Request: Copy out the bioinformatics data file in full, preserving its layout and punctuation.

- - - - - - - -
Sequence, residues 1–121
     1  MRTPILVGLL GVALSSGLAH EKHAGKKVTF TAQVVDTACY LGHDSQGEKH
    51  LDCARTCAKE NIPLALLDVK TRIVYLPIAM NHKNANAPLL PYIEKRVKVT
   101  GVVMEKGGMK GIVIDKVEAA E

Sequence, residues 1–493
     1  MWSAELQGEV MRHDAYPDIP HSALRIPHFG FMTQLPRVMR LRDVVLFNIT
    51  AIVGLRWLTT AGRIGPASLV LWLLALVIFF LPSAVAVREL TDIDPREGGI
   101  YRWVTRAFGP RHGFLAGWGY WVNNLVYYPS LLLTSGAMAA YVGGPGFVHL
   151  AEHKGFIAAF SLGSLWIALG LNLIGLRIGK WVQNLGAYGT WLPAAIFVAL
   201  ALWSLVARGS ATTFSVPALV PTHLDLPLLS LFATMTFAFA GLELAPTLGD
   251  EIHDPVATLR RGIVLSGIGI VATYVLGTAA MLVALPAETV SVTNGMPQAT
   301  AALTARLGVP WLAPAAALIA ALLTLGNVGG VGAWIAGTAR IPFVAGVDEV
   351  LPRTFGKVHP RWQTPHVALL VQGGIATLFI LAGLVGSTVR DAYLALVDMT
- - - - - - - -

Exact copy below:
Sequence, residues 1–121
     1  MRTPILVGLL GVALSSGLAH EKHAGKKVTF TAQVVDTACY LGHDSQGEKH
    51  LDCARTCAKE NIPLALLDVK TRIVYLPIAM NHKNANAPLL PYIEKRVKVT
   101  GVVMEKGGMK GIVIDKVEAA E

Sequence, residues 1–493
     1  MWSAELQGEV MRHDAYPDIP HSALRIPHFG FMTQLPRVMR LRDVVLFNIT
    51  AIVGLRWLTT AGRIGPASLV LWLLALVIFF LPSAVAVREL TDIDPREGGI
   101  YRWVTRAFGP RHGFLAGWGY WVNNLVYYPS LLLTSGAMAA YVGGPGFVHL
   151  AEHKGFIAAF SLGSLWIALG LNLIGLRIGK WVQNLGAYGT WLPAAIFVAL
   201  ALWSLVARGS ATTFSVPALV PTHLDLPLLS LFATMTFAFA GLELAPTLGD
   251  EIHDPVATLR RGIVLSGIGI VATYVLGTAA MLVALPAETV SVTNGMPQAT
   301  AALTARLGVP WLAPAAALIA ALLTLGNVGG VGAWIAGTAR IPFVAGVDEV
   351  LPRTFGKVHP RWQTPHVALL VQGGIATLFI LAGLVGSTVR DAYLALVDMT